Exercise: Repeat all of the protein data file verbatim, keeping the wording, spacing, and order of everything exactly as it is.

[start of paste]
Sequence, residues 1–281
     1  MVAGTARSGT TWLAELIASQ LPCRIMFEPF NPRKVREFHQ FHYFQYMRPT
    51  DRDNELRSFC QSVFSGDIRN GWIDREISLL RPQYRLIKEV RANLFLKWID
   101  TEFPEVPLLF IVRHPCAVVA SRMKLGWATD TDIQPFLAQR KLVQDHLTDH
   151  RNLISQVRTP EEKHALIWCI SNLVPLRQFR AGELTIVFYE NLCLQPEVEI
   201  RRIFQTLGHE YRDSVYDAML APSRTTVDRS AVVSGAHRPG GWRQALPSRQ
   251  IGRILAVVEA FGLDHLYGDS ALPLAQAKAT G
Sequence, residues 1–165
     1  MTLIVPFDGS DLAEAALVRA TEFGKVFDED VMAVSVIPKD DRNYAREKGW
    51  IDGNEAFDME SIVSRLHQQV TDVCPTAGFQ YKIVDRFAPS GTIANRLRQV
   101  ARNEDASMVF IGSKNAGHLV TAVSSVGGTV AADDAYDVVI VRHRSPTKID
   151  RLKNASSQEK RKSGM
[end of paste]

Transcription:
Sequence, residues 1–281
     1  MVAGTARSGT TWLAELIASQ LPCRIMFEPF NPRKVREFHQ FHYFQYMRPT
    51  DRDNELRSFC QSVFSGDIRN GWIDREISLL RPQYRLIKEV RANLFLKWID
   101  TEFPEVPLLF IVRHPCAVVA SRMKLGWATD TDIQPFLAQR KLVQDHLTDH
   151  RNLISQVRTP EEKHALIWCI SNLVPLRQFR AGELTIVFYE NLCLQPEVEI
   201  RRIFQTLGHE YRDSVYDAML APSRTTVDRS AVVSGAHRPG GWRQALPSRQ
   251  IGRILAVVEA FGLDHLYGDS ALPLAQAKAT G
Sequence, residues 1–165
     1  MTLIVPFDGS DLAEAALVRA TEFGKVFDED VMAVSVIPKD DRNYAREKGW
    51  IDGNEAFDME SIVSRLHQQV TDVCPTAGFQ YKIVDRFAPS GTIANRLRQV
   101  ARNEDASMVF IGSKNAGHLV TAVSSVGGTV AADDAYDVVI VRHRSPTKID
   151  RLKNASSQEK RKSGM